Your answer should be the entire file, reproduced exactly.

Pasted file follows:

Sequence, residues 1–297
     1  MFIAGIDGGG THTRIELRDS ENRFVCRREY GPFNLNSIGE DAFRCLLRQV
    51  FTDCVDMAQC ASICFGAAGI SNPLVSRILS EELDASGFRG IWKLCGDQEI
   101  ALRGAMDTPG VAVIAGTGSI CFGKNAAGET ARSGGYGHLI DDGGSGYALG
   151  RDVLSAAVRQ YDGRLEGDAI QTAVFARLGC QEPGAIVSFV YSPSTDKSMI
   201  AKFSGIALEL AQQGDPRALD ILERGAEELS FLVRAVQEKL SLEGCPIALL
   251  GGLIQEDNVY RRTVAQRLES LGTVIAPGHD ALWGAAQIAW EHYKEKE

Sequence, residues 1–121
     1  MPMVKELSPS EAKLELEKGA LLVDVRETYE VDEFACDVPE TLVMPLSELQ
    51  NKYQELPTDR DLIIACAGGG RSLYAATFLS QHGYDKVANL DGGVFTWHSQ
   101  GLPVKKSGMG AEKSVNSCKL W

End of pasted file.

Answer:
Sequence, residues 1–297
     1  MFIAGIDGGG THTRIELRDS ENRFVCRREY GPFNLNSIGE DAFRCLLRQV
    51  FTDCVDMAQC ASICFGAAGI SNPLVSRILS EELDASGFRG IWKLCGDQEI
   101  ALRGAMDTPG VAVIAGTGSI CFGKNAAGET ARSGGYGHLI DDGGSGYALG
   151  RDVLSAAVRQ YDGRLEGDAI QTAVFARLGC QEPGAIVSFV YSPSTDKSMI
   201  AKFSGIALEL AQQGDPRALD ILERGAEELS FLVRAVQEKL SLEGCPIALL
   251  GGLIQEDNVY RRTVAQRLES LGTVIAPGHD ALWGAAQIAW EHYKEKE

Sequence, residues 1–121
     1  MPMVKELSPS EAKLELEKGA LLVDVRETYE VDEFACDVPE TLVMPLSELQ
    51  NKYQELPTDR DLIIACAGGG RSLYAATFLS QHGYDKVANL DGGVFTWHSQ
   101  GLPVKKSGMG AEKSVNSCKL W